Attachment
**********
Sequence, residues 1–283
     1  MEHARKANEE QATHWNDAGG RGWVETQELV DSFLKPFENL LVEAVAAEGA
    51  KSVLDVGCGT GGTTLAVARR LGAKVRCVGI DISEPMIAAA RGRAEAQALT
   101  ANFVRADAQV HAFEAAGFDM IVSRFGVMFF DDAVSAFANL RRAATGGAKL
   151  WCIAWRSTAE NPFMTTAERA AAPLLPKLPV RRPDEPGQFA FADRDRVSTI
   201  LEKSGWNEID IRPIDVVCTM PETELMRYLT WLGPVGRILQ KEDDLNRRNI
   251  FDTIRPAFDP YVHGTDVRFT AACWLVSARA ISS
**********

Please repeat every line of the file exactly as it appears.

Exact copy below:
Sequence, residues 1–283
     1  MEHARKANEE QATHWNDAGG RGWVETQELV DSFLKPFENL LVEAVAAEGA
    51  KSVLDVGCGT GGTTLAVARR LGAKVRCVGI DISEPMIAAA RGRAEAQALT
   101  ANFVRADAQV HAFEAAGFDM IVSRFGVMFF DDAVSAFANL RRAATGGAKL
   151  WCIAWRSTAE NPFMTTAERA AAPLLPKLPV RRPDEPGQFA FADRDRVSTI
   201  LEKSGWNEID IRPIDVVCTM PETELMRYLT WLGPVGRILQ KEDDLNRRNI
   251  FDTIRPAFDP YVHGTDVRFT AACWLVSARA ISS